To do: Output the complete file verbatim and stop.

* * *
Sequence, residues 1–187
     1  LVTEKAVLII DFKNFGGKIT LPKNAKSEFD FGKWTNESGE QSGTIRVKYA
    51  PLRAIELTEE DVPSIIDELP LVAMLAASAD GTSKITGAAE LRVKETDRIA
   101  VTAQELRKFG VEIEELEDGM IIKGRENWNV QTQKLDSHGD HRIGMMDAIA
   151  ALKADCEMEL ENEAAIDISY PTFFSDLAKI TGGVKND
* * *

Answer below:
Sequence, residues 1–187
     1  LVTEKAVLII DFKNFGGKIT LPKNAKSEFD FGKWTNESGE QSGTIRVKYA
    51  PLRAIELTEE DVPSIIDELP LVAMLAASAD GTSKITGAAE LRVKETDRIA
   101  VTAQELRKFG VEIEELEDGM IIKGRENWNV QTQKLDSHGD HRIGMMDAIA
   151  ALKADCEMEL ENEAAIDISY PTFFSDLAKI TGGVKND